Bladder Cancer Found On Routine Test. He Chooses Radical Surgery.

Print icon

Feeling “great” and not eager to carve out time for his annual physical in 2017, Paul Mikkelson almost didn’t make an appointment.

Luckily, he did.

The urine sample he gave as part of the routine testing revealed traces of blood. A second sample taken at a later appointment with his urologist also found blood, and a procedure called a bladder cystoscopy then discovered two cancerous tumors causing the trouble.

“I had absolutely no symptoms,” the 64-year-old Simsbury resident said. “My primary care doctor thought maybe I was just dehydrated because I ride the bike so much.”

Pathology reports on the tumors that were scraped from his bladder revealed an aggressive form of cancer and the need for further action. The self-proclaimed “analytical” sort was left to decide between a second attempt to scrape all traces of the disease out of the organ to save it and surgery to remove the bladder completely.

He sought expert opinions in New York and Boston. He set up a consultation with Dr. Anoop Meraney, director of urologic oncology with the Hartford HealthCare Tallwood Urology & Kidney Institute. Input was varied, but he eventually opted for the more radical option of surgery.

“I was quite impressed with Dr. Meraney,” Mikkelson says. “He answered every question I had, in the order in which I’d written them down. Then he said, ‘Whether I do it or not, you need to get this bladder out. He’s also analytical and super intelligent.”

In June 2017, Dr. Meraney removed his bladder and left an external ostomy bag in its place to collect urine. The father of two adult children said it was a “wonderful experience” overall.

“I feel like I’m healthier today than I was before the surgery,” Mikkelson says. “He took out my prostate too, so I don’t get up at night to go to the bathroom. I’m finally getting a good night’s sleep, which helps with healing. I’m back to everything I love doing — I ride the bike 50 to 60 miles at a time, I go skiing and golfing.”

For more information about treatment of bladder cancer at Hartford HealthCare’s Tallwood Urology & Kidney Institute, click here.


What's New

Prostate Cancer Relationships

ED, Incontinence After Prostate Surgery: What Can a Partner Do?

This is the first of a two-part series on the effects of prostate cancer on relationships. Ask any prostate cancer survivor and he’ll tell you there’s no price he wouldn’t pay to be cancer-free. Let’s start with the surest way to cure prostate cancer when the disease hasn’t spread: Removal...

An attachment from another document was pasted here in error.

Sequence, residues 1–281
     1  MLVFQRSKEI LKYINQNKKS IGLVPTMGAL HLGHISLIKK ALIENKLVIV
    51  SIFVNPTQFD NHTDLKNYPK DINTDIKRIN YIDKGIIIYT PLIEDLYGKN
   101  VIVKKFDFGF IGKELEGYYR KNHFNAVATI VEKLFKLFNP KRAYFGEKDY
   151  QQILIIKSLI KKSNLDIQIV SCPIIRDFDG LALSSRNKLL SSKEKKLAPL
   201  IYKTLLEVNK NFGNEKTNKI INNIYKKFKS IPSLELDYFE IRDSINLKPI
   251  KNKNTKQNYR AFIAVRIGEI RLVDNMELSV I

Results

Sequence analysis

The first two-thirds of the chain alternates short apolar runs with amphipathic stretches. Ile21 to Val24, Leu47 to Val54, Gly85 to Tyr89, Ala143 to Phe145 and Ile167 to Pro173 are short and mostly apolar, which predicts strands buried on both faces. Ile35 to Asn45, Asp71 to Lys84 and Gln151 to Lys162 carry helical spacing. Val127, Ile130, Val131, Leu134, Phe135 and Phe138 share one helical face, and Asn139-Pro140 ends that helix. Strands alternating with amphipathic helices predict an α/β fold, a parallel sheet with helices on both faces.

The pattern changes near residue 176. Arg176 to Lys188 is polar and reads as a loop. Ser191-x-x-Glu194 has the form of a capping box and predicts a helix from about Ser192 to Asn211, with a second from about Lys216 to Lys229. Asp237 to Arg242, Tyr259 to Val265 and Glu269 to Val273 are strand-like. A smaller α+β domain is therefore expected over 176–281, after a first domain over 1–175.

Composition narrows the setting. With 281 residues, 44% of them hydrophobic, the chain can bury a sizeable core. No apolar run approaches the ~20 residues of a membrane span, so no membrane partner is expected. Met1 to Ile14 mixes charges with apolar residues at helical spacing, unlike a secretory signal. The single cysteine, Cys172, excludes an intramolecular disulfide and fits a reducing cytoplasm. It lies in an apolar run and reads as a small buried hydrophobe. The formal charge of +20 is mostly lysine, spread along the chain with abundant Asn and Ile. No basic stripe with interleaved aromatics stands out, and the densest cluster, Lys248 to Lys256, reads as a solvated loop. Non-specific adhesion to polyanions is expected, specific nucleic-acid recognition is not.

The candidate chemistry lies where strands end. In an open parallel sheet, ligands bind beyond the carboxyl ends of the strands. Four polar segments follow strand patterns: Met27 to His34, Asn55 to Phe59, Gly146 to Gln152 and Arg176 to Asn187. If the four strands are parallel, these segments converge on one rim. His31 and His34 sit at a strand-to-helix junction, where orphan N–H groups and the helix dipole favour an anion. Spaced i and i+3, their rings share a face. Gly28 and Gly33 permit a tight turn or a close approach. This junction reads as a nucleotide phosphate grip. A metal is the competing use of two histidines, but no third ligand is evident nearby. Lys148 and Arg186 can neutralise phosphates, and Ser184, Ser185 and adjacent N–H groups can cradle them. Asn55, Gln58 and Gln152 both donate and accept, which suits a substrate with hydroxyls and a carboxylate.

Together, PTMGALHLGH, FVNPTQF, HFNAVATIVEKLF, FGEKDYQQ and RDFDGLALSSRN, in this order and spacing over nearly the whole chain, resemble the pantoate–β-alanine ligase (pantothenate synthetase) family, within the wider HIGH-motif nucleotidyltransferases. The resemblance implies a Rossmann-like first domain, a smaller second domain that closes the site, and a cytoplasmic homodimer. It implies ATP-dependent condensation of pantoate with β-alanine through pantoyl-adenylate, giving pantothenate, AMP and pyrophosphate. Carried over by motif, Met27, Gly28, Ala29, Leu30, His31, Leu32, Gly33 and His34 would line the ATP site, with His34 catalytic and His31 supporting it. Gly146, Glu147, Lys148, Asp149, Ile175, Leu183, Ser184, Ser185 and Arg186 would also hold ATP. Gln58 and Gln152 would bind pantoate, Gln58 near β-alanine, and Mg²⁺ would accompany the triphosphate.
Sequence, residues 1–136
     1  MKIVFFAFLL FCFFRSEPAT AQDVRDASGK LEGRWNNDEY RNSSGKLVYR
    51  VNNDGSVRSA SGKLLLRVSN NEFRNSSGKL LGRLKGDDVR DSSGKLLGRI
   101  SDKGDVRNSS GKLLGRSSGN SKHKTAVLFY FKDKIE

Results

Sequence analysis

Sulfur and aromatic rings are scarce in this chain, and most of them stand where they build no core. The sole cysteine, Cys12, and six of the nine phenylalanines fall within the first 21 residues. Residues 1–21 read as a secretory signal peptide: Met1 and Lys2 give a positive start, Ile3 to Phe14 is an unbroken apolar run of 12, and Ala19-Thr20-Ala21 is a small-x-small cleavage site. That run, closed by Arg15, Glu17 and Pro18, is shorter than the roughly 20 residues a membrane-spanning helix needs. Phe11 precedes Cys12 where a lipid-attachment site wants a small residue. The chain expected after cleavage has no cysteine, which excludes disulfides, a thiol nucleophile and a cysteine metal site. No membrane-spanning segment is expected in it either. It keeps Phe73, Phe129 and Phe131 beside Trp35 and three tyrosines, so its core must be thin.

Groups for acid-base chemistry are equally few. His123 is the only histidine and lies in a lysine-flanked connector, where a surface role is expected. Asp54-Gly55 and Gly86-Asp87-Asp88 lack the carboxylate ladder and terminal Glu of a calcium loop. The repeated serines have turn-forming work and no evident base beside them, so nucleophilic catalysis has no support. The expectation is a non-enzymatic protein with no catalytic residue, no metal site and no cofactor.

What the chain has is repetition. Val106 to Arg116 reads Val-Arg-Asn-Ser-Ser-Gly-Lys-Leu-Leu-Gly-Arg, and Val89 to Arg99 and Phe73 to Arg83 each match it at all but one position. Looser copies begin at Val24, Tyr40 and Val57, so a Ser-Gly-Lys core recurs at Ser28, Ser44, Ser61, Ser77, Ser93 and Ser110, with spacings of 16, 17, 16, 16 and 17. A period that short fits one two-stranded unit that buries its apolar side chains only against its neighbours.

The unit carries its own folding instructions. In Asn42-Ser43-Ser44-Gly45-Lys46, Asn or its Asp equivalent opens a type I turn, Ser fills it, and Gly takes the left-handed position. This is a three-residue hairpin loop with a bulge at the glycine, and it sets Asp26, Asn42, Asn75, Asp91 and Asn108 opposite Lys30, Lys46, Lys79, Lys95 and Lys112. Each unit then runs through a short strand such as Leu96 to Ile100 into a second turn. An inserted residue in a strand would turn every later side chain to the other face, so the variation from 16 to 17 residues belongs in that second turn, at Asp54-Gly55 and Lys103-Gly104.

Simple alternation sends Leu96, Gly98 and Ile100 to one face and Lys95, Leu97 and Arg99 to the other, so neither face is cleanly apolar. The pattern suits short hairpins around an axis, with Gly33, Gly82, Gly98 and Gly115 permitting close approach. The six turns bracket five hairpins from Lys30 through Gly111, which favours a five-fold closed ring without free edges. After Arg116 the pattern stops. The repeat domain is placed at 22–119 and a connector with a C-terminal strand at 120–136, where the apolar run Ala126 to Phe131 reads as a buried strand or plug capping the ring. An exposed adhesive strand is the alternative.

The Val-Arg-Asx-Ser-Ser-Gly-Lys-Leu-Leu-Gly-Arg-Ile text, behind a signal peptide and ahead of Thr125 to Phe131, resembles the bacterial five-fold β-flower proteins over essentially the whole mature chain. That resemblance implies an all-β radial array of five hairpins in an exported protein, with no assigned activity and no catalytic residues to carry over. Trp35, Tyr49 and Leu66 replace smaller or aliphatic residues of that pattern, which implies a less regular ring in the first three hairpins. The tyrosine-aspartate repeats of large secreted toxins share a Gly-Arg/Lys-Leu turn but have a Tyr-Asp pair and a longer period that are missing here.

Prostate Cancer and Relationships

How to Handle the Emotions of a Prostate Cancer Diagnosis

This is the second installment of a two-part series on the effects of prostate cancer on relationships. Now that you’ve just been told you have prostate cancer, your urologist can explain every possible way the disease affects the body and what you can do about it. But psychologically, you’re on...

Ruth Bader Ginsburg

Justice Ruth Bader Ginsburg’s Lung Cancer Surgery: A Closer Look

Surgery to remove a lobe of Supreme Court Justice Ruth Bader Ginsburg’s lung just before Christmas brought worldwide attention to a disease that is on the rise in the United States. While it’s not known if the 85-year-old justice, who does not have a history of smoking, had lung cancer...

Cancer Survivorship Plan

What Is a Cancer Survivorship Care Plan?

By Deborah Walker, APRN Over a decade ago, the Institute of Medicine recommended every cancer patient receive an individual survivorship care plan that includes guidelines for monitoring and maintaining their health. This recommendation was developed from a prominent report, “From Cancer Patient to Cancer Survivor: Lost in Transition,” which focused...

Cancer Survivorship

A Fresh Look at the Survivorship Phase of Endometrial Cancer

By Maureen Bracco, APRN, and Dr. Jonathan A. Cosin Endometrial cancer is the most common cancer of the female reproductive organs in the United States.  For 2018, the American Cancer Society estimates there will be about 63,230 new cases of endometrial cancer diagnosed and about 11,350 women will die from this...


Feeling Like Her Old Self After Removal Of Cancerous Bladder

There’s little worse than feeling ill and getting no answers or having scant options for improvement. “I was being treated, but the symptoms were getting worse,” recalled Jane Feldman, a 62-year-old retiree from Avon about early care for her bladder cancer. “There was increasing amounts of blood in my urine...

Lung Cancer Screening

Lung Cancer Study Leads to New Screening Program

Following national research data demonstrating substantial improvements in lung cancer mortality, Hartford HealthCare  researchers completed their own study exploring the feasibility of lung cancer screening in Connecticut. In a landmark study sponsored by the National Cancer Institute, researchers with the National Lung Screening Trial screened more than 53,000 current or former...